At night, police officers may ask for a thermal imager to help locate evidence that is too difficult to find with just a flashlight. If you are asked to help locate evidence, verify the protocols and ensure that the suspect is no longer on the scene.
Photo credit: Photo courtesy of Bullard
When searching at night for victims or suspects, generally the user is searching for unusual hot spots. This image shows two hot spots that require investigation. The one furthest to the left is a rock that has retained its heat from being in the sun all day. The other is a person lying on the ground.
Photo credit: Photo courtesy of Bullard
The fire service frequently and rightfully laments the fact that law enforcement receives billions of dollars more in federal funding and grants than the fire service. Firefighters have, however, adopted certain technologies at a much faster rate than their police brothers, placing the fire service in a position to be called upon to assist its better-funded sister service. Chief among these is thermal imaging technology. While the advantages of thermal imagers (TIs) are well-known in fire departments, many police departments are not fully aware of how the technology may be applied in their work.
While some police officers may ask for your TI and assistance, others may not recognize that you have a tool that can help them. By building a solid, professional relationship between local police and fire agencies, firefighters can ensure that police officers know when to ask for your help. In time, law enforcement will come to adopt thermal imaging as the fire service has adopted the technology, deploying units specifically designed to meet the challenges they face on the job. Until then, firefighting units can help serve their needs.
When you assist the police with your fire service TI, the benefits and operational aspects of the TI don't change. But the mentality does, so remember these essentials:
- Thermal imaging is frequently misrepresented on TV and in the movies, so ensure that police officers have realistic expectations of how your TI functions, and they know its limits. Remind them that a thermal imager generally does not "see through" anything.
Practice Makes Perfect
The best way to improve your relevant skills with the TI is to go outside at night and practice with it. Choose a local park or a field, and have members take turns hiding while other members use the TI to search for them. The hiding members can wear turnout gear to help hide their heat, and should also hide in and around bushes and shrubs. By perfecting your search skills, you will become a better teacher to any police officer you may have to instruct on TI use.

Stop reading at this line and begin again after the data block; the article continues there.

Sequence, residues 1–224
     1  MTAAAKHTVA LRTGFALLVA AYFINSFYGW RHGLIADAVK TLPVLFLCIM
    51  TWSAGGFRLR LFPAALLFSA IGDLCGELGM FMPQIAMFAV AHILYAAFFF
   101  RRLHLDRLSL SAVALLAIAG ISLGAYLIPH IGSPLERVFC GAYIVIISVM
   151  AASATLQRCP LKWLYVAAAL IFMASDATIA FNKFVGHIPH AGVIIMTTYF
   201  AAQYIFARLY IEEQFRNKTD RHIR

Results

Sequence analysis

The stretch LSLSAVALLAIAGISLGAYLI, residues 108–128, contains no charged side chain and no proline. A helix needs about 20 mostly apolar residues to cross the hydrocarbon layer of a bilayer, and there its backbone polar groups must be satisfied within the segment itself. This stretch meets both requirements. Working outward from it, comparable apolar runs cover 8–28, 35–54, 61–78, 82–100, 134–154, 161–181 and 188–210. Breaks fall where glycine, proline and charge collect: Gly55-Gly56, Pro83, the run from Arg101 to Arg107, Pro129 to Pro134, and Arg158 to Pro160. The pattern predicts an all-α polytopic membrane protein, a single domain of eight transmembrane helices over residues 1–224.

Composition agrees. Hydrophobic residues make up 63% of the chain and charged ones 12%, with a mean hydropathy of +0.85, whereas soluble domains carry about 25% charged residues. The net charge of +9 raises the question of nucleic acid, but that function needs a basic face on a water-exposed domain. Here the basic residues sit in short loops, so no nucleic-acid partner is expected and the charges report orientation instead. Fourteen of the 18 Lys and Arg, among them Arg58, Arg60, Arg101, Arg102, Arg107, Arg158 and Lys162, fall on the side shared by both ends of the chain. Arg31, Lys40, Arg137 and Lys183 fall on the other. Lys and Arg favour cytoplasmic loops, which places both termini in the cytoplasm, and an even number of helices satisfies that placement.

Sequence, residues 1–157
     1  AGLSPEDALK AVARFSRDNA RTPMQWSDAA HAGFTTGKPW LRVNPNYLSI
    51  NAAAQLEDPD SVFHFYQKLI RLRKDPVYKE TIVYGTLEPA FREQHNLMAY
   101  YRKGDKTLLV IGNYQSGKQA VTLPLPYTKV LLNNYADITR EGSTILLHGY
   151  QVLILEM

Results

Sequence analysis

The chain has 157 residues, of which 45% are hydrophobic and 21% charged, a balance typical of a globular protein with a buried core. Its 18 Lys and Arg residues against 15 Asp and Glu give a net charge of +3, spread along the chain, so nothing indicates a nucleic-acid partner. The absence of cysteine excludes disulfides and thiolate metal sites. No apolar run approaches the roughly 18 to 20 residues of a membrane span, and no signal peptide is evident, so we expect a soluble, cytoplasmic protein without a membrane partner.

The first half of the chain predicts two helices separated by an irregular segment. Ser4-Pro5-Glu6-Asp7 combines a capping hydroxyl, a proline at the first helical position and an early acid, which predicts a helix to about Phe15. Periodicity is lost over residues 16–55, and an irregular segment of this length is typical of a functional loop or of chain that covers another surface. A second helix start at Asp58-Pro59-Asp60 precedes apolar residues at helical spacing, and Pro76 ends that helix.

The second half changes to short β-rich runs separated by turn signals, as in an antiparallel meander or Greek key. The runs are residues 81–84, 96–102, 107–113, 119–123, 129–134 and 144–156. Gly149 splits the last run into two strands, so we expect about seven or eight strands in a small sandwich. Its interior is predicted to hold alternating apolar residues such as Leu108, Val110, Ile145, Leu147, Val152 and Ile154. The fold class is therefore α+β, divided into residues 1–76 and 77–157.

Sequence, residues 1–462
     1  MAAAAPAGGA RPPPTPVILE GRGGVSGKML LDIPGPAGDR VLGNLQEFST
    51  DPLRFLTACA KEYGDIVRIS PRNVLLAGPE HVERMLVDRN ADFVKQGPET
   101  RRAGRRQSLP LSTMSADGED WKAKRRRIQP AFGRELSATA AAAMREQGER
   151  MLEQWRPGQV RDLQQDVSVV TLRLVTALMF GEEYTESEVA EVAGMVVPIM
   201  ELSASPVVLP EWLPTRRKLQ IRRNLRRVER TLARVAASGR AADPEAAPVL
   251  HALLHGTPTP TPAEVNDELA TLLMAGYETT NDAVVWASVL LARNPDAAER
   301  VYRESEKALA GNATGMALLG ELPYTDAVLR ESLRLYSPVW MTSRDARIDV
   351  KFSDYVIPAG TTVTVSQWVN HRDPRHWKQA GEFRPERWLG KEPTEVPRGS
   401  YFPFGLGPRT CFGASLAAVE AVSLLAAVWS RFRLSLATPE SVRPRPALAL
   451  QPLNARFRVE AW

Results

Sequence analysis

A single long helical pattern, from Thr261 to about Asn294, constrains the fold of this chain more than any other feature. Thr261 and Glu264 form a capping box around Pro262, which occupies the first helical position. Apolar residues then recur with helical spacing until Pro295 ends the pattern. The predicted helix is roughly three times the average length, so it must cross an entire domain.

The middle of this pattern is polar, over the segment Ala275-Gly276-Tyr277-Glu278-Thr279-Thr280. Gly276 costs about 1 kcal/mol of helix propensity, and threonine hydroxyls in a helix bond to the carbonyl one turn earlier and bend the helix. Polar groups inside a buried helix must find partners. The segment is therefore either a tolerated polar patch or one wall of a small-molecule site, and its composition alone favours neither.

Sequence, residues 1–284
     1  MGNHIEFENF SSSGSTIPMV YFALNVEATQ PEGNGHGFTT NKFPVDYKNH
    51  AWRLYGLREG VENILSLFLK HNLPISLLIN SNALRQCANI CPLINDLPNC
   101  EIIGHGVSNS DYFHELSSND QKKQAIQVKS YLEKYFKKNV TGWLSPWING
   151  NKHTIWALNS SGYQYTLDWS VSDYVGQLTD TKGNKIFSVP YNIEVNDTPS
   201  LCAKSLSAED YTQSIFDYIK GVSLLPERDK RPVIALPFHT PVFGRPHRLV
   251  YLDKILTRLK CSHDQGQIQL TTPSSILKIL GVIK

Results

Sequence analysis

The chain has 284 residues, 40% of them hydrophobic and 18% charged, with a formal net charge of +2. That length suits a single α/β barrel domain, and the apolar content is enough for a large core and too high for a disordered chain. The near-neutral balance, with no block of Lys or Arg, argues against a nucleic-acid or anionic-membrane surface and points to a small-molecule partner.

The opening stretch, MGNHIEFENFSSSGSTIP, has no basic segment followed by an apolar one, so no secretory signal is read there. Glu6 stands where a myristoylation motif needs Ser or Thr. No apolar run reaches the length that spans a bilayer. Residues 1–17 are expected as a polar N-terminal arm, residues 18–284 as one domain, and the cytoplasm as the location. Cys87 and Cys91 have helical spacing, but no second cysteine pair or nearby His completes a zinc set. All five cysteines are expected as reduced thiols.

When you schedule outdoor drills at night, invite your local police officers to watch and learn. In many police departments, officers are assigned to specific areas and work them regularly. You can build a relationship with the same officers to whom you may have to teach thermal imaging. Plus, they will get a chance to see how your great tool truly performs.
Due to civil rights and constitutional concerns, law enforcement officers face tighter restrictions on the types of equipment they use and how they use them. Thermal imaging is "approved" for police officers after the technology is successfully used in a specific application and then survives a court challenge regarding the appropriateness of the TI use. For fire service thermal imagers, the "approved" police applications include:
- Search and rescue operations
- Environmental law enforcement (tracking the source of pollution)
- Officer safety
- Fugitive searches
- Disturbed surface investigations (buried evidence)
- Structure profiles (indoor marijuana-growing operations)
- Marine and ground surveillance
- Perimeter surveillance
- Accident/collision investigation (skid mark location and evidence collection)
- Vehicle profiles/hidden compartments (smuggling humans or drugs in hidden compartments)
For your Table Talk training, invite a local "beat cop" to the firehouse for coffee and discuss the list. He can explain the challenges the police encounter, while you can explain how (and why) the TI could help overcome those challenges.
Your TI has become a critical tool for you in your operations. It is also a tool that can help your local police department. As police and fire departments face the post-9/11 world, the need for cooperation and communication is greater now than ever before. By sharing knowledge and tools, we can make each other's jobs easier and safer, while promoting better relationships between the services.
Jonathan Bastian is a thermal imaging training consultant for Bullard. He is certified as a thermal imaging instructor by the Law Enforcement Thermographers' Association (LETA), the international public safety organization specializing in thermal imager certification and training. He is also the author of the Fire Department Training Network "FireNotes" book, Thermal Imaging for the Fire Service. He is a member of the NFPA Technical Committee on Fire Service Training. Educated at Brown University and licensed as a high school teacher in Illinois, Bastian served 12 years on the North Park, IL, Fire Department, including the last three as a captain. As health and safety officer, he led the development and implementation of the department's rapid intervention team SOG. Bastian is a certified Fire Instructor I and Firefighter III, and he spent 12 years as an EMT-I/D. He has taught classes on thermal imaging, rapid intervention teams, and search and rescue operations. He is currently a public safety official in Central Kentucky. If you have questions about thermal imaging, please send them to firstname.lastname@example.org